By 2011, I had a polished manuscript of 100,000 words. Filled with optimism, I approached literary agents and a few publishers but received little interest. Feeling slightly disheartened, I put the manuscript, and all those years of work, in a bottom drawer. I decided to consider it my literary apprenticeship – the book I had to write in order to learn how to write a book.
Opening a fresh computer file, I began writing a novel. And when I finished it, I wrote another novel as part of a Master of Arts at City, University of London. With a super-fit writing muscle, I now wrote faster and with more relevance. An Arvon Foundation residential writing retreat in West Yorkshire helped to further hone my writing focus. Finally, in 2018, I decided to return to my memoir. Much had happened in the seven years since I’d finished it – I had returned to Australia, became a father, and lost my own father. Those were deeply emotional years and major life events. Deaths and births always are. But I was now also a better writer.
Reopening my manuscript, I gradually began to reacquaint myself with the words. I was soon seeing holes and deficiencies, but also things I really liked. Slowly, I began editing old chapters and adding new ones. A lot of new and significant life had been lived since 2011, which now also gave my story an ending. The first time I’d written it, I’d been forced to manufacture an ending, which technically made it a work of fiction. But it was all nonfiction now.
Submitting the manuscript to Chris Hamilton-Emery, Publishing Director at Salt, I was thrilled with his immediate and enthusiastic response. Having long admired the quality of Salt’s books, it was truly humbling to be offered the chance to be published by them. A second publisher in Allen & Unwin soon offered to publish my book in Australia. It was a whirlwind year in 2019 to be published in two countries and finally have my story in the hands of readers after first committing to writing it some 11 years earlier. The response has been overwhelming, with the expectant faces of my classmates waiting for mention of their name replaced by messages of praise and gratitude from readers. It’s a feeling that just makes me want to write more.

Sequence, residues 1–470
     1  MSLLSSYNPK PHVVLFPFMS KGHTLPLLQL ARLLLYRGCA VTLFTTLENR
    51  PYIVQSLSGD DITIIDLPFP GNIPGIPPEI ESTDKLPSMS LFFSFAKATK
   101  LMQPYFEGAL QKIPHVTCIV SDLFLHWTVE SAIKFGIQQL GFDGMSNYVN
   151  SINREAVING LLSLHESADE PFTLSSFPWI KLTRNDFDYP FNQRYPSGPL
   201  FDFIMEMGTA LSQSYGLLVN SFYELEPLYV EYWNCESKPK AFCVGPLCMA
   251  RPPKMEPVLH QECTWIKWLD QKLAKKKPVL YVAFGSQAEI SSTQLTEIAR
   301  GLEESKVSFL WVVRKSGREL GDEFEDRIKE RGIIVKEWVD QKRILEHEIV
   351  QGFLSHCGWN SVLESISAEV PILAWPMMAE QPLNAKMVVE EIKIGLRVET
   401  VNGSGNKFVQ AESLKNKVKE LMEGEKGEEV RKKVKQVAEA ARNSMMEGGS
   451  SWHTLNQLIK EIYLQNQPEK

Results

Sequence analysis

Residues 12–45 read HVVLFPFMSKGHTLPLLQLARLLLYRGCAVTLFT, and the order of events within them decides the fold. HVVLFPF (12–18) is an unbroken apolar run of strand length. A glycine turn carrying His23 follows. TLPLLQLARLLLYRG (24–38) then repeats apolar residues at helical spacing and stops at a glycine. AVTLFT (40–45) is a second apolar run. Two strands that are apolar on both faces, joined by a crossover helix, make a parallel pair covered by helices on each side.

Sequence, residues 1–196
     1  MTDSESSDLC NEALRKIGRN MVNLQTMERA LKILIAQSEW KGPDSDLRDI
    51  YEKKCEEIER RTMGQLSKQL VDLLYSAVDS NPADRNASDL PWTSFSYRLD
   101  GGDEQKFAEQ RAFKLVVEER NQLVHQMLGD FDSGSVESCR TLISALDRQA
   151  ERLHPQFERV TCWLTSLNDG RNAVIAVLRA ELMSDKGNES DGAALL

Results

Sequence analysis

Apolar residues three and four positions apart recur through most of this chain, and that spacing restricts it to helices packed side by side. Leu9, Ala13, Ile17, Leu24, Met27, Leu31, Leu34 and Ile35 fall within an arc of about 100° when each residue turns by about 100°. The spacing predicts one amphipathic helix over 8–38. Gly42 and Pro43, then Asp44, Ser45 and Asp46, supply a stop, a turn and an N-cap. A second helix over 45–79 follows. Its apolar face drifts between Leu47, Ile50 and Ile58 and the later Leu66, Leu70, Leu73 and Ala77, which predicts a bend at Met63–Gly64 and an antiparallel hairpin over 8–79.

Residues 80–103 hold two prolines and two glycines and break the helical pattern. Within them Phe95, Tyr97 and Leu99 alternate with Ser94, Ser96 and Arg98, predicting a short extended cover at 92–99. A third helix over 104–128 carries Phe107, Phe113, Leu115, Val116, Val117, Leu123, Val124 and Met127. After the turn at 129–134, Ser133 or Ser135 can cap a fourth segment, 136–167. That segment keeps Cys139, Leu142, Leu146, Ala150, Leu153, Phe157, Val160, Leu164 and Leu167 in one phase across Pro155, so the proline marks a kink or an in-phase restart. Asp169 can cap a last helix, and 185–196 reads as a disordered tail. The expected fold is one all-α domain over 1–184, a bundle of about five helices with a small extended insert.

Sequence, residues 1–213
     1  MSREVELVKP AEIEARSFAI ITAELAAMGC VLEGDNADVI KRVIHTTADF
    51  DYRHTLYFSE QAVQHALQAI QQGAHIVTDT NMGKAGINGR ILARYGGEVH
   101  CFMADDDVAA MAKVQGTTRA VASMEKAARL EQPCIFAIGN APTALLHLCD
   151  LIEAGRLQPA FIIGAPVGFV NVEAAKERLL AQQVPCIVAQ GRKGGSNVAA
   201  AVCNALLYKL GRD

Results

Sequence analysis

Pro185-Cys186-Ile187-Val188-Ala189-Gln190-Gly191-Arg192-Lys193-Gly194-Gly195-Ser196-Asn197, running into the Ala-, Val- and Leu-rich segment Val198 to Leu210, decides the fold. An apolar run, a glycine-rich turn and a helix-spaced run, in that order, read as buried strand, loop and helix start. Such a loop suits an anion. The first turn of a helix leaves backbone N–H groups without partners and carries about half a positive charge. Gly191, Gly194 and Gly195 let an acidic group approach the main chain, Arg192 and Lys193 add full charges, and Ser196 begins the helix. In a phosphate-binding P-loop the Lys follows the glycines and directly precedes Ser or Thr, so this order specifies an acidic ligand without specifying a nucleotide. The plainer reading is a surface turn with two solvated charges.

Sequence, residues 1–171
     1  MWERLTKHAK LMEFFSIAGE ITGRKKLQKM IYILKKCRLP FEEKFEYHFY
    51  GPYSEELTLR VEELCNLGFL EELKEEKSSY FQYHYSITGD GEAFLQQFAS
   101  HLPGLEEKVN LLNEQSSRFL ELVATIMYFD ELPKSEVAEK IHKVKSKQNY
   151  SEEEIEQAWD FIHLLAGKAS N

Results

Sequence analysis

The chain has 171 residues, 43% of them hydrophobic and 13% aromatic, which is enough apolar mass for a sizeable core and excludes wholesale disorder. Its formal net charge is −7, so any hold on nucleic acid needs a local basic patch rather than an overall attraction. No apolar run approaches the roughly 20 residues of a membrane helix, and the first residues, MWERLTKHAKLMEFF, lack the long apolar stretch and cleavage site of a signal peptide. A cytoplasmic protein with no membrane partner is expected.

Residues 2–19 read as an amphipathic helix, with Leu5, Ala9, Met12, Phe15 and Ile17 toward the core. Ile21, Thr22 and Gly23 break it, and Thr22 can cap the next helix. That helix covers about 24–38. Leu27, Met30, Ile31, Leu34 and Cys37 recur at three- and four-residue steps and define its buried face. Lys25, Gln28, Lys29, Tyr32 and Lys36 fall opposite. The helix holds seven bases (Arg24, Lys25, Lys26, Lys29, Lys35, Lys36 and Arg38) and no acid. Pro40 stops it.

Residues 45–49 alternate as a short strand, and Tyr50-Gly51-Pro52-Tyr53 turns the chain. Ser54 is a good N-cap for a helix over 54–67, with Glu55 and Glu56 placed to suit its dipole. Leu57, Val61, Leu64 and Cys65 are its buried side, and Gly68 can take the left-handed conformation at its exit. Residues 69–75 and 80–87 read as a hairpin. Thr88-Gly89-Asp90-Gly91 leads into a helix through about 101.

To paraphrase Theodore Roosevelt, nothing worth having comes easy. I like to think that most debut authors would agree with this sentiment, and so do I. But what kept me going were the dreams of a little kid with a blue biro, an exercise book, and a burning desire to one day tell a story and write a book. I never lost sight of who he was, and in the end, he carried me across the line.
Peter Papathanasiou was born in a small village in northern Greece. His writing has been published internationally by numerous outlets including The New York Times, The Guardian, The Sydney Morning Herald, The Age, Good Weekend, ABC, SBS, The Pigeonhole, Caught by the River, Structo, 3:AM Magazine, Elsewhere, Litro, Meanjin, and Overland. He has been reviewed by The Times Literary Supplement in the UK and holds a Master of Arts in Creative Writing from the University of London.